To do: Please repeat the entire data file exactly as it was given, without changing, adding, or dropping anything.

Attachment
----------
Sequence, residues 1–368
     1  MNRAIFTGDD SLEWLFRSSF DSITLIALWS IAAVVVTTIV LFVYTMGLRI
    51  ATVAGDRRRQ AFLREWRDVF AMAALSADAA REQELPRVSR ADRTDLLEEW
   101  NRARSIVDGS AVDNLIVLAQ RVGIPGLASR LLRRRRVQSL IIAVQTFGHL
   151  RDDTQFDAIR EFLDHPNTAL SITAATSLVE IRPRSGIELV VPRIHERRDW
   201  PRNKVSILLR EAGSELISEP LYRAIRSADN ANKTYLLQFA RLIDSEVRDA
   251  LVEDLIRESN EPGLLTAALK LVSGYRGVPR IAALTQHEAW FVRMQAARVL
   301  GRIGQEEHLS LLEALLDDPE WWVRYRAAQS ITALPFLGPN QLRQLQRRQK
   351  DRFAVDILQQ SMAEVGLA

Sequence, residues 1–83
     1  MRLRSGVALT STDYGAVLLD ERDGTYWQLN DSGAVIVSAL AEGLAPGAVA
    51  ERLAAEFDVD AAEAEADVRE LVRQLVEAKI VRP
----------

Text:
Sequence, residues 1–368
     1  MNRAIFTGDD SLEWLFRSSF DSITLIALWS IAAVVVTTIV LFVYTMGLRI
    51  ATVAGDRRRQ AFLREWRDVF AMAALSADAA REQELPRVSR ADRTDLLEEW
   101  NRARSIVDGS AVDNLIVLAQ RVGIPGLASR LLRRRRVQSL IIAVQTFGHL
   151  RDDTQFDAIR EFLDHPNTAL SITAATSLVE IRPRSGIELV VPRIHERRDW
   201  PRNKVSILLR EAGSELISEP LYRAIRSADN ANKTYLLQFA RLIDSEVRDA
   251  LVEDLIRESN EPGLLTAALK LVSGYRGVPR IAALTQHEAW FVRMQAARVL
   301  GRIGQEEHLS LLEALLDDPE WWVRYRAAQS ITALPFLGPN QLRQLQRRQK
   351  DRFAVDILQQ SMAEVGLA

Sequence, residues 1–83
     1  MRLRSGVALT STDYGAVLLD ERDGTYWQLN DSGAVIVSAL AEGLAPGAVA
    51  ERLAAEFDVD AAEAEADVRE LVRQLVEAKI VRP